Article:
977 F.2d 1147 (7th Cir. 1992), 91-2845, American Agriculture Movement, Inc. v. Board of Trade of City of Chicago
|Citation:||977 F.2d 1147|
|Party Name:||AMERICAN AGRICULTURE MOVEMENT, INCORPORATED, H. Dean Adkins, Judy F. Adkins, et al., Plaintiffs-Appellants, v. The BOARD OF TRADE OF the CITY OF CHICAGO, Patrick H. Arbor, Donald G. Andrew, et al., Defendants-Appellees.|
|Case Date:||October 20, 1992|
|Court:||United States Courts of Appeals, Court of Appeals for the Seventh Circuit|
Argued April 2, 1992.
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Karen Pope Greenway (argued), Steve Alexander, Arens & Alexander, Fayetteville, Ark., Patrick F. Daly, Palos Heights, Ill., for plaintiffs-appellants.
Garrett B. Johnson (argued), Mark D. Young, Robert S. Steigerwald, Sara Rollins Slaughter, Kirkland & Ellis, Chicago, Ill., for defendant-appellee Bd. of Trade of the City of Chicago.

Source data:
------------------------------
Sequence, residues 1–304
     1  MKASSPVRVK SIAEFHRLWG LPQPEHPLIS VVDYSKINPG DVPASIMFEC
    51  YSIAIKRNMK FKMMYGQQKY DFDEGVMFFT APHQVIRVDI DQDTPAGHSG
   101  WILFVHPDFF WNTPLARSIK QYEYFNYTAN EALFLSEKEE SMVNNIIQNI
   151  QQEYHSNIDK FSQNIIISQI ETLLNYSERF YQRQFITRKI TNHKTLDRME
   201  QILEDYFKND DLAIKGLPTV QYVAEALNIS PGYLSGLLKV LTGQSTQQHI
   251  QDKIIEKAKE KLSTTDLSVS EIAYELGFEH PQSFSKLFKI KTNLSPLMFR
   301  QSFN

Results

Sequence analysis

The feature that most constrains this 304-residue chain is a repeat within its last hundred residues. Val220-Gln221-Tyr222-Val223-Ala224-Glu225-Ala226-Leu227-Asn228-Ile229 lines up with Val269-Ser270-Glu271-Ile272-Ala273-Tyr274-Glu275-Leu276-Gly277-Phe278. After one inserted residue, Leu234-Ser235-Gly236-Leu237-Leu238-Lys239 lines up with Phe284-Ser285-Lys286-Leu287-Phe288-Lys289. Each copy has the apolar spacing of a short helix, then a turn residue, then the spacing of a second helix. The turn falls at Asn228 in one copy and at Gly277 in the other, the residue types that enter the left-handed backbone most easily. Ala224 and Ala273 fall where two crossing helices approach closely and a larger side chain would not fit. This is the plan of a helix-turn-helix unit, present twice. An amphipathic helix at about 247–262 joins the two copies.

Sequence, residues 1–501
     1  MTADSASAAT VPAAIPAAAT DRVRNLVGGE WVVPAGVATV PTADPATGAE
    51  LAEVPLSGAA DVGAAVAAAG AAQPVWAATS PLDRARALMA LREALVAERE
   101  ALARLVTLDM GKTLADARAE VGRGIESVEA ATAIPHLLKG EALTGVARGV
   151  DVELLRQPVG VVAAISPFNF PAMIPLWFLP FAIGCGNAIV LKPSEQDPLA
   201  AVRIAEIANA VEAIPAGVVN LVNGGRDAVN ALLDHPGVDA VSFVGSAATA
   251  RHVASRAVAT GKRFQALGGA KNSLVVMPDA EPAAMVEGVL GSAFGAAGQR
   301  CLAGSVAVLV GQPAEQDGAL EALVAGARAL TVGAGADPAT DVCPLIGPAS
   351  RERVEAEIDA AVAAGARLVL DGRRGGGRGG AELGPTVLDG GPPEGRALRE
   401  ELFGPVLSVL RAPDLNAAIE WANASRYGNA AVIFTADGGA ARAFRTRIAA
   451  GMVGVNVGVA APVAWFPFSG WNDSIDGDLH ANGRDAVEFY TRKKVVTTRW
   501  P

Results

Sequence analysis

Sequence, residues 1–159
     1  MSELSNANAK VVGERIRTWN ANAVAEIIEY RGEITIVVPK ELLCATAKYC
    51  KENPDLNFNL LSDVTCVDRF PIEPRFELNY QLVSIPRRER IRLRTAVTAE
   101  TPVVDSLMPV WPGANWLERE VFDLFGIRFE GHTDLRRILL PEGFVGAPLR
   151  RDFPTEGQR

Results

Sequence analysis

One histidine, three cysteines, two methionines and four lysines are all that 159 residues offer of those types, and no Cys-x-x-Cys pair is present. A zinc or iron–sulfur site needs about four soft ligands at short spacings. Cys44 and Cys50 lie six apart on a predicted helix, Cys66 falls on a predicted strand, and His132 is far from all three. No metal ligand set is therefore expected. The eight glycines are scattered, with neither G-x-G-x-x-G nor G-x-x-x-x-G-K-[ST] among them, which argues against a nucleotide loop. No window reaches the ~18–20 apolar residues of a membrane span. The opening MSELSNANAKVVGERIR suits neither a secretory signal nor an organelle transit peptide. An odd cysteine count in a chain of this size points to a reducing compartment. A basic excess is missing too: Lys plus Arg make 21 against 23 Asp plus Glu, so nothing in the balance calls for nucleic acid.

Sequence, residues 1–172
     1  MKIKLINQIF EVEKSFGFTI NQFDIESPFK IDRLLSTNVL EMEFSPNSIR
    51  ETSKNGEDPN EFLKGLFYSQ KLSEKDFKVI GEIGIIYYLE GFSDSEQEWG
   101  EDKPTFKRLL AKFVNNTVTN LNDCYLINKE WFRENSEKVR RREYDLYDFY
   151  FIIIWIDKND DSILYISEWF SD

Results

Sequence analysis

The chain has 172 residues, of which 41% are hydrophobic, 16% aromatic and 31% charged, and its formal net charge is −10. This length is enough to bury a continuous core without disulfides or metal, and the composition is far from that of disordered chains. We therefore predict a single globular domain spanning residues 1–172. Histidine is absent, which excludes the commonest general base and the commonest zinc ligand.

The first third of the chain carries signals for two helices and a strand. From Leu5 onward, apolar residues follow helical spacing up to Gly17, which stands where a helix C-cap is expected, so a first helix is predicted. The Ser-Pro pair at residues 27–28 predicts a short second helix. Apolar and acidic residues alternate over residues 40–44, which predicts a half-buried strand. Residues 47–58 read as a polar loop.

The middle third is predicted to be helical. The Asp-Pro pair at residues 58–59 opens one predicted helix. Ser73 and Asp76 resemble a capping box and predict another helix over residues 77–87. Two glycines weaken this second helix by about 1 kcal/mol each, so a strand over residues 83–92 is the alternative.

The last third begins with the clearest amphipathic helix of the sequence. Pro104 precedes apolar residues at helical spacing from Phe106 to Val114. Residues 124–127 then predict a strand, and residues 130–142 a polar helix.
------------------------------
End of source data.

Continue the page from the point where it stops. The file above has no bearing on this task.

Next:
Garrett B. Johnson, Mark D. Young, Robert S. Steigerwald, Sara Rollins Slaughter, Kirkland and Ellis, Scott E. Early, Chicago, Ill., for defendants-appellees Patrick Arbor, Donald G. Andrew, John F. Benjamin, Gary K. Blelfeldt, David P. Brennan, John J. Brogan, Thomas R. Donovan, Lawrence C. Dorf, Burton J. Gutterman, Hal T. Hansen, Glen P. Hollander, Bruce H. Johnson, Dale E. Lorenzen, Karsten Mahlman, Silas Matthies, Sr., John W. Meriwether, Lester Mouscher, Jay C. Nolan, Thomas C. O'Halleran, Irwin N. Smith, Carl M. Zapffe, Charles P. Carey, J. Robert Collins and Philip G. Hubbard.
James T. Kelly, Pat G. Nicolette, David R. Merrill, Susan Nathan, Commodity Futures Trading Com'n, Joanne T. Medero (argued), Commodity Futures Trading Com'n, Office of the Gen. Counsel, Washington, D.C., for amicus curiae Commodity Futures Trading Com'n.
Robert B. Nicholson, Robert J. Wiggers, Dept. of Justice, Antitrust Div., Appellate Section, Washington, D.C., for amicus curiae U.S.
Before FLAUM and RIPPLE, Circuit Judges, and ESCHBACH, Senior Circuit Judge.
FLAUM, Circuit Judge.